The Medical Expense Tax Credit provides tax recognition for above-average medical and disability-related expenses incurred by individuals. For 2010, the Medical Expense Tax Credit reduces the federal tax of a claimant by 15 per cent of eligible unreimbursed medical expenses in excess of the lesser of $2,024 and three per cent of net income.
An expense is generally eligible to be claimed under the Medical Expense Tax Credit if it is directly related to a disability or a medical condition. An expense is not generally intended to be eligible if it is ordinarily incurred by persons without a disability or a medical condition or has a substantial element of personal consumption and choice.
To ensure consistency with the intent of the Medical Expense Tax Credit, Budget 2010 proposes that expenses incurred for purely cosmetic procedures (including related services and other expenses such as travel) be ineligible to be claimed under the Medical Expense Tax Credit. This generally includes surgical and non-surgical procedures purely aimed at enhancing one’s appearance such as liposuction, hair replacement procedures, botulinum toxin injections, and teeth whitening.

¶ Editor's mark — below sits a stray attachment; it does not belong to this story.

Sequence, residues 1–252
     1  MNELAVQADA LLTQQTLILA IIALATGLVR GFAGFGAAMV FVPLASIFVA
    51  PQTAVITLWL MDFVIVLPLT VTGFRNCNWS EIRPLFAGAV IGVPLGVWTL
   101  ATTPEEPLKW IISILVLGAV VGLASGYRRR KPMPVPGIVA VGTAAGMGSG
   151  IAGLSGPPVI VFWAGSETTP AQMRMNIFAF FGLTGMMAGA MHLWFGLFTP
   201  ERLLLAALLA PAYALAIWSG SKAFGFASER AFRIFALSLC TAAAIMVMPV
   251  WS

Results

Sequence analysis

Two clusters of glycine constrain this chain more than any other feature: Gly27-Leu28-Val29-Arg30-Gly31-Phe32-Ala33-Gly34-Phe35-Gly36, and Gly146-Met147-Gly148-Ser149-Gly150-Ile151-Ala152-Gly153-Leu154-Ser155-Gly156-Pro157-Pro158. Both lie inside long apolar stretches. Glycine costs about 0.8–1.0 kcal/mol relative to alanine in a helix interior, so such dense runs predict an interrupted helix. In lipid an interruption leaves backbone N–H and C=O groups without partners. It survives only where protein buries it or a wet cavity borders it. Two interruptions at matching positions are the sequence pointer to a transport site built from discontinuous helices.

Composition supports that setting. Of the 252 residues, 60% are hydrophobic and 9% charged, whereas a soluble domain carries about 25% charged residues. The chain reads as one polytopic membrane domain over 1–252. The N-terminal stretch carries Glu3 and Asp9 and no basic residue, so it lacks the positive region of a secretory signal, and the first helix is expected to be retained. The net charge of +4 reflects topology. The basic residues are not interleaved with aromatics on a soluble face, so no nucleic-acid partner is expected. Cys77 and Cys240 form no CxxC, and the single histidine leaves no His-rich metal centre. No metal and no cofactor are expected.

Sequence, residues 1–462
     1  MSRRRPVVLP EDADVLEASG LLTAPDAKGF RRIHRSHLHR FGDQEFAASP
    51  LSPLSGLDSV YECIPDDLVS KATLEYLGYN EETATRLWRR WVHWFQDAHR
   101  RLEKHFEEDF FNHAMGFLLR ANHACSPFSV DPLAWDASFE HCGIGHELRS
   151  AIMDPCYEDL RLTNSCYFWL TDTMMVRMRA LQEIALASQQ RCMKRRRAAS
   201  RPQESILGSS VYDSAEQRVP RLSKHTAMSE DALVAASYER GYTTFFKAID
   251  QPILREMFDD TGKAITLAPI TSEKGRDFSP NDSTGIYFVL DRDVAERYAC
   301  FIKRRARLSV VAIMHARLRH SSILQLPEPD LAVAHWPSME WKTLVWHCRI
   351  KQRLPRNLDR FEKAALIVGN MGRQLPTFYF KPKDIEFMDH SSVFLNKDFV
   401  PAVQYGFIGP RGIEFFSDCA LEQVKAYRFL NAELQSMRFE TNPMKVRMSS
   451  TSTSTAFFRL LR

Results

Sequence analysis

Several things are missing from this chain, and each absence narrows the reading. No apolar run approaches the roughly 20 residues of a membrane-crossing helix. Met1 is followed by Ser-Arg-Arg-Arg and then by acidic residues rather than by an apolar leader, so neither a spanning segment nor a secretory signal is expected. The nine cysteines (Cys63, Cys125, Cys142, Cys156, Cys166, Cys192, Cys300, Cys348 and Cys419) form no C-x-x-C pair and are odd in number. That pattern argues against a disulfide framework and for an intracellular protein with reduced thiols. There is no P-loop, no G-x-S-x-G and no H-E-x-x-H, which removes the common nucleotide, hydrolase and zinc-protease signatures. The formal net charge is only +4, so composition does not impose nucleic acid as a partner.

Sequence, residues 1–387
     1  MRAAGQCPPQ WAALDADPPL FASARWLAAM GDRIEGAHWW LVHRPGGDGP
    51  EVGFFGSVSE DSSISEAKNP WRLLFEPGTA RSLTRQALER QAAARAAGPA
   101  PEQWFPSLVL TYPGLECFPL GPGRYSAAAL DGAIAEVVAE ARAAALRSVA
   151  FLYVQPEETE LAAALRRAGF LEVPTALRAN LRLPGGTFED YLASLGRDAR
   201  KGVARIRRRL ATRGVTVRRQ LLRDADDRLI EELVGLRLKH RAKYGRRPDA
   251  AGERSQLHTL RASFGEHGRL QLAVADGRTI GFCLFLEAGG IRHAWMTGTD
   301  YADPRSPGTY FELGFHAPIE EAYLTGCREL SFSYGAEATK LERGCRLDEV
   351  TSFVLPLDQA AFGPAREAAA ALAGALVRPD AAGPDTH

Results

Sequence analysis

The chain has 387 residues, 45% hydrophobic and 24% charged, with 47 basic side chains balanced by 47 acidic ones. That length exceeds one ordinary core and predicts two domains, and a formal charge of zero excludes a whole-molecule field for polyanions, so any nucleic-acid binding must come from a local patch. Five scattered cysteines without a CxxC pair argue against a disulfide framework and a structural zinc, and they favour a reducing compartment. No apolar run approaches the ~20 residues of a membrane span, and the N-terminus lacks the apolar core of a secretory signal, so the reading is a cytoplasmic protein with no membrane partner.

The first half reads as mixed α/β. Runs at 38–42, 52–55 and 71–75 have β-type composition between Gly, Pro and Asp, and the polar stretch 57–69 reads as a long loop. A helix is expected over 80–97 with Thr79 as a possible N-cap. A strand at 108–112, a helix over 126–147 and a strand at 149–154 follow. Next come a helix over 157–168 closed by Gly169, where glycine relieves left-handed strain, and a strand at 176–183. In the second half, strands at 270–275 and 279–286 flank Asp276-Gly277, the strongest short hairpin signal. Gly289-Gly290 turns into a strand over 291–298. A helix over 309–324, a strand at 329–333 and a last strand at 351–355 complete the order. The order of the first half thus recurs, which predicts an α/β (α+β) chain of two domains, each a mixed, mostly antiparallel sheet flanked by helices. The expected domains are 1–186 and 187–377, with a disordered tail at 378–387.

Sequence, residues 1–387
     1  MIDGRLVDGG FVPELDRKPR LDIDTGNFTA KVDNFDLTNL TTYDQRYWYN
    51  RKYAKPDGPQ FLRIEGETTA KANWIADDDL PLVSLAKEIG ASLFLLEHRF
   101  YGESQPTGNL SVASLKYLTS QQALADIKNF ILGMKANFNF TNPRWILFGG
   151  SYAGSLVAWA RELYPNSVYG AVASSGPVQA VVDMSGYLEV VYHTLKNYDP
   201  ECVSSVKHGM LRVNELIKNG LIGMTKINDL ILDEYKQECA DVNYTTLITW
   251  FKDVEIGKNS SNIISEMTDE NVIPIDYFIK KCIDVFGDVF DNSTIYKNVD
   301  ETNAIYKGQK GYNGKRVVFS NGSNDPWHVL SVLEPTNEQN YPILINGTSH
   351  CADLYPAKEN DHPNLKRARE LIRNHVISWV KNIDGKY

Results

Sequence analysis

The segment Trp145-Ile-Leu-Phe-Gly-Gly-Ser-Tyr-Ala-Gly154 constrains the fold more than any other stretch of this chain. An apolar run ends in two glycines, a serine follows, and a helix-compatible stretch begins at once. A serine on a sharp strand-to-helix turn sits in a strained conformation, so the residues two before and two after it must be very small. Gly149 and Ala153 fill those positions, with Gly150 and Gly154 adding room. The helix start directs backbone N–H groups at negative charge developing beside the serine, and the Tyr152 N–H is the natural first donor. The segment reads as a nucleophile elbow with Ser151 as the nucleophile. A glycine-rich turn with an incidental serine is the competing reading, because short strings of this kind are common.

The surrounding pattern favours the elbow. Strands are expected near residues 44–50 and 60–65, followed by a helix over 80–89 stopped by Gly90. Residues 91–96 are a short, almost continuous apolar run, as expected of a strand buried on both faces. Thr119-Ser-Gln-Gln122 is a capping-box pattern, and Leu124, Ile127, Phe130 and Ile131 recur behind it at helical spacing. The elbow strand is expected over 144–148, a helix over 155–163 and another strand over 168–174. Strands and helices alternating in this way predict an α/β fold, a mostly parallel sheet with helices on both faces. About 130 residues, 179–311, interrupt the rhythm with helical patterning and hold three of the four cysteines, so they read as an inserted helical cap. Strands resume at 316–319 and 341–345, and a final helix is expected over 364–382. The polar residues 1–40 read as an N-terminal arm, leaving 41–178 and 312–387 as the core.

A cosmetic procedure, including those identified above, will continue to qualify for the Medical Expense Tax Credit if it is required for medical or reconstructive purposes, such as surgery to ameliorate a deformity arising from, or directly related to, a congenital abnormality, a personal injury resulting from an accident or trauma, or a disfiguring disease.
The proposed changes will make the tax treatment of purely cosmetic procedures consistent with that in other jurisdictions, such as the United States, the United Kingdom and Québec.
This measure will apply to expenses incurred after March 4, 2010.